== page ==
(something the party itself had already done).

Whatever we think of the Stalinists' record, we cannot accept the capitalist government's right to ban the communist youth. The reasons given for the ban - and here we must be grateful for the Czech government's honesty - would apply to any of us who consider ourselves Marxist, and believe the working class must gain power to change society from one based on profit to one based on human need, a change made all the more urgent by the way global capitalism is ruining this planet. Even the British Labour Party, were it to return to the aims enshrined in the famous Clause IV, section Four - to secure for the workers the full fruits of their labour by means of public ownership and democratic control - would fall foul of the Czech Interior Ministry's ruling interpreting the constitution.

Czechoslovakia, we once learned the hard way, was not just "a faraway country of which we know so little". The Czech Republic, as an EU member, must guarantee the same human rights we demand for ourselves, lest its restrictions become a precedent for attacks on us all. Hands off the Union of Communist Youth and all other left-wing Czechs!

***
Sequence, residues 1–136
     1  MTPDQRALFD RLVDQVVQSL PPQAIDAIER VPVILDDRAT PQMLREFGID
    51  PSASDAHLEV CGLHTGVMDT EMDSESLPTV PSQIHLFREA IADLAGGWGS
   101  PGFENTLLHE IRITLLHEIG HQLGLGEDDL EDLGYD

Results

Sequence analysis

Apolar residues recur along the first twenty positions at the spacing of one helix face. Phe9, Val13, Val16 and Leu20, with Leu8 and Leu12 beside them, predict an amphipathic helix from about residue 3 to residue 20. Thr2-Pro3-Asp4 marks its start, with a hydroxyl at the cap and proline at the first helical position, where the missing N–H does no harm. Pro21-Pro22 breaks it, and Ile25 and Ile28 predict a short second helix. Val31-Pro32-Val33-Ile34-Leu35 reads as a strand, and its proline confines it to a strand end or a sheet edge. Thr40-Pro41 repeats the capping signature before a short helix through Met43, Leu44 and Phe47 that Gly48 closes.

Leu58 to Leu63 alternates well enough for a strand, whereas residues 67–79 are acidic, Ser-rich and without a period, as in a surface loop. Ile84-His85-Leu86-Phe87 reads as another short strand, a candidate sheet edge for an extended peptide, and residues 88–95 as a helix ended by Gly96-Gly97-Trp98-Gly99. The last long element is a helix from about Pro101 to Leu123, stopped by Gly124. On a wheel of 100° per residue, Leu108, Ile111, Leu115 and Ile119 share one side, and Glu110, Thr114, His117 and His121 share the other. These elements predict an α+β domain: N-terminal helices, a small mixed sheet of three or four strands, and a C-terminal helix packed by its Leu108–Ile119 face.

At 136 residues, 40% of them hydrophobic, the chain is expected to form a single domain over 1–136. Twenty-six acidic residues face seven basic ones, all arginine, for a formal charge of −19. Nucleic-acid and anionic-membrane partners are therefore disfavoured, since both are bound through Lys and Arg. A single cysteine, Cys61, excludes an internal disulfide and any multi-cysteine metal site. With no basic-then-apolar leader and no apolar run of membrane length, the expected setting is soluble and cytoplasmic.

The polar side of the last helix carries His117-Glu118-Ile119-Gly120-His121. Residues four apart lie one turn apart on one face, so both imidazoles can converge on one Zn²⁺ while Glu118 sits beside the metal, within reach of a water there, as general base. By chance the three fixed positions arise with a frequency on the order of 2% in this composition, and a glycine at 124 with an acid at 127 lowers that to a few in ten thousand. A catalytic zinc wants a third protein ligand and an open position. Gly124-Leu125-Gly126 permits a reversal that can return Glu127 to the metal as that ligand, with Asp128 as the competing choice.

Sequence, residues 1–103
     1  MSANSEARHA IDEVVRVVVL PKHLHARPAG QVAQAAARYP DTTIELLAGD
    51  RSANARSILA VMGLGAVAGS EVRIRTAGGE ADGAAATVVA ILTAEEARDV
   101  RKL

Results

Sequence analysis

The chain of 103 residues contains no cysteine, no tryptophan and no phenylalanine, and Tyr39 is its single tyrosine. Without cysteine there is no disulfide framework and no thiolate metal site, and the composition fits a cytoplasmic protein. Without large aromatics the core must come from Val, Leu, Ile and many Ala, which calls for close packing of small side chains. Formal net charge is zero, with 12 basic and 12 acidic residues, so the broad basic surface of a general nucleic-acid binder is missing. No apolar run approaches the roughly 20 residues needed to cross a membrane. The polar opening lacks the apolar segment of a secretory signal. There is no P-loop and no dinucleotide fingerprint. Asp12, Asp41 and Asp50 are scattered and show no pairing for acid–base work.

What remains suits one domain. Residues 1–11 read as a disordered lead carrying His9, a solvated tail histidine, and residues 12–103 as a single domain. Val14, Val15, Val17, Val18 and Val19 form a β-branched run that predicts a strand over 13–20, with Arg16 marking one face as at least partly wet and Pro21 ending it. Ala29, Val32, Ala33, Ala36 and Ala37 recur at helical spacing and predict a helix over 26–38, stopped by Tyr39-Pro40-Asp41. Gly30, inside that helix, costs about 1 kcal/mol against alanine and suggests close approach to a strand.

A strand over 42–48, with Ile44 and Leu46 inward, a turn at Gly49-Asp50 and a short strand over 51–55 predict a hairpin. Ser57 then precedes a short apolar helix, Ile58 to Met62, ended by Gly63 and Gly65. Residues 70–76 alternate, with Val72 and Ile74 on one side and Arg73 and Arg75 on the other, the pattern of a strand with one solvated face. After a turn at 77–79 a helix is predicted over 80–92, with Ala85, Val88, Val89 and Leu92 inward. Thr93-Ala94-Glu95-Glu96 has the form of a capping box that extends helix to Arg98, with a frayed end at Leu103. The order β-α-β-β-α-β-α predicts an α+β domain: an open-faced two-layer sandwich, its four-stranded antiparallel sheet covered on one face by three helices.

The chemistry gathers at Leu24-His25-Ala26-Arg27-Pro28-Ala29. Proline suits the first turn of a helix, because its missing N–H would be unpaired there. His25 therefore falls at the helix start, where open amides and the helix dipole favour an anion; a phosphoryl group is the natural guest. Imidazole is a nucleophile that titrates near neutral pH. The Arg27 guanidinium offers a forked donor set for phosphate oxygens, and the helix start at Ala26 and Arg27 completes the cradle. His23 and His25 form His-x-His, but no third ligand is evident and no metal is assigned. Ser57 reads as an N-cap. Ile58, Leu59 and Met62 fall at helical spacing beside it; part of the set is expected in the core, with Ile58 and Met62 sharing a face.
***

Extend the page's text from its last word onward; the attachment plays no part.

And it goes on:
• ROMA human rights campaigners have welcomed a UN report condemning the forced sterilisation of Roma women in both Hungary and the Czech Republic. The United Nations Committee on the Elimination of Discrimination against Women cited cases of individuals sterilised without informed consent as recently as 2004, and criticised the Czech government's failure to "adopt legislative changes on consent to sterilisation as to provide justice for victims of such acts". It also noted continued social discrimination against Roma, and failure to act against discrimination.